I am of the South.
Rooted in the rich dark soil,
The hard clays,
The deep swamps,
The pluff mud,
And sandy shores,
And the hard granite of high mountains,
Like the tobacco and cotton,
The sweet onion and low country tomato,
The rice, indigo and sorghum of present and past.
Birthed and raised in the warm, heavy air,
Redolent of azalea and magnolia,
Pork barbeque and Beaufort stew, and sweet tea,
Respired by my Grandfolk and their Grandfolk before.
What is the South?
Tales and histories.
It’s sweat and blood,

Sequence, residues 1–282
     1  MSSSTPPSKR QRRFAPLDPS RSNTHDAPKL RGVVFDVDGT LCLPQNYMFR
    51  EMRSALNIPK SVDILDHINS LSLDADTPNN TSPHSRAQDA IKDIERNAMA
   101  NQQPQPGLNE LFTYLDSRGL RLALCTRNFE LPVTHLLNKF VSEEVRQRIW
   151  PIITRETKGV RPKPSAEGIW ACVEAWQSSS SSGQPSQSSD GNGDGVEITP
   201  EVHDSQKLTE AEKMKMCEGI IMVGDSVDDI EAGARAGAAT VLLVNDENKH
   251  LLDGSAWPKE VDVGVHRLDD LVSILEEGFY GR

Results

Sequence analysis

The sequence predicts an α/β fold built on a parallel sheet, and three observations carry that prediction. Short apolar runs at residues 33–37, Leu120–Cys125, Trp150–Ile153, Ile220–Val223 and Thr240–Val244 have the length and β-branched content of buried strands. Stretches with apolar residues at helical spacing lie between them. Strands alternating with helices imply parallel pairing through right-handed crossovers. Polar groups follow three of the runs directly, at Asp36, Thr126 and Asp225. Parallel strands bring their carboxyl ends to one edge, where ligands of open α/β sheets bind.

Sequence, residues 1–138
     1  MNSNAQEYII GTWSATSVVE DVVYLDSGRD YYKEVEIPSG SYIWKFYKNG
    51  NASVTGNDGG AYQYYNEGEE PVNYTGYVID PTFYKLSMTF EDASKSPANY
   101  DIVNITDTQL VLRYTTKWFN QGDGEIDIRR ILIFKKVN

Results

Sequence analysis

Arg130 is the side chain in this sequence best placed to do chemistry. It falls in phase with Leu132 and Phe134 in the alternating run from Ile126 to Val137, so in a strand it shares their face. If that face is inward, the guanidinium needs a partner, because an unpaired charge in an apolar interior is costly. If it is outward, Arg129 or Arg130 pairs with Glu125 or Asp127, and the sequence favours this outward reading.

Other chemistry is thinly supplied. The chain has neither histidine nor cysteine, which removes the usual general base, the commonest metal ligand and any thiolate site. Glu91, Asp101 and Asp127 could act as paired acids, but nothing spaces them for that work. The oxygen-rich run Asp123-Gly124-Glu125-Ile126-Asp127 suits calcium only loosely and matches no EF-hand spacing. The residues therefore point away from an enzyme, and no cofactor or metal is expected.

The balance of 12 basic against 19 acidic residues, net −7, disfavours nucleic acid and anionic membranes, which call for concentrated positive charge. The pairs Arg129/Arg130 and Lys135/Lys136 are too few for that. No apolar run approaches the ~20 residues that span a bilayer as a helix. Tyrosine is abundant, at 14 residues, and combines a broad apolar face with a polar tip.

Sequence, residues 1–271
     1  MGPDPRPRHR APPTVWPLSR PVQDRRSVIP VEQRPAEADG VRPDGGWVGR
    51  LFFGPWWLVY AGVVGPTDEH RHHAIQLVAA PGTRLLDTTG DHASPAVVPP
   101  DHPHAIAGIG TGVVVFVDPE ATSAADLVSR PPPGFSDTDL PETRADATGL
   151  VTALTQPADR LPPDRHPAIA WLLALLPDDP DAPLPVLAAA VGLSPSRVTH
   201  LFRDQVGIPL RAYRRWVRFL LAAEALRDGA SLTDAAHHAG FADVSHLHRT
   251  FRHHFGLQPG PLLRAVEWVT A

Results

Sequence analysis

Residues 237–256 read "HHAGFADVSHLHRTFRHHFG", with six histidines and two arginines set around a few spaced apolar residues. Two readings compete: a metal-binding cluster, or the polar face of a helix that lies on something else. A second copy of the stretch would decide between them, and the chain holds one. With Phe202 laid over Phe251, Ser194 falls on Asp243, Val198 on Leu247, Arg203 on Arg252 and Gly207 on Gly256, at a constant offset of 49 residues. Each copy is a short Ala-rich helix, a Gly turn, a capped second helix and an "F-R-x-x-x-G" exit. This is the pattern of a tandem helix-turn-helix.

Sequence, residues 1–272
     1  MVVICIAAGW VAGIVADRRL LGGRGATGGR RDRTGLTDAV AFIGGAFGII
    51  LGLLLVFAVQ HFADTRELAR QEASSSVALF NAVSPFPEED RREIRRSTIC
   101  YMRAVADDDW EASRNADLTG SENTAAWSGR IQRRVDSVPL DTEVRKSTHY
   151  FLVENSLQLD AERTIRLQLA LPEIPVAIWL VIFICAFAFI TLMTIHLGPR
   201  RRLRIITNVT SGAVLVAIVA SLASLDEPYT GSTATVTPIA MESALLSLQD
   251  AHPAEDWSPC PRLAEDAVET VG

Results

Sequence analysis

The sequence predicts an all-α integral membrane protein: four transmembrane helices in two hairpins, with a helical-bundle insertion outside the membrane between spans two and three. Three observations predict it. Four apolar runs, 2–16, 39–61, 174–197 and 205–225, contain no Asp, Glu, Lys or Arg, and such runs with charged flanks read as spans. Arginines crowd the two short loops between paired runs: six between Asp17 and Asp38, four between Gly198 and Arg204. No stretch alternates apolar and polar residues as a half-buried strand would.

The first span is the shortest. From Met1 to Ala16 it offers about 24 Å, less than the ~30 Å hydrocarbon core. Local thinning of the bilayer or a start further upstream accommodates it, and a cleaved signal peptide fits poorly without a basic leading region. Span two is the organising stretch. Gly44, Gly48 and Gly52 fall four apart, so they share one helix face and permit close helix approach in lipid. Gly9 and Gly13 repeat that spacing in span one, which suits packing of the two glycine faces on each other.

and simple joys.
It’s homes and businesses and parks and secret fishing holes,
New built cities,
And near-forgotten towns.
It’s the memories of all of those.
The dreams of all those to come.
It’s the weight of us pressing on the skin of the world.
It’s the tale told that tells us who we are.
This is me,
Man of the South.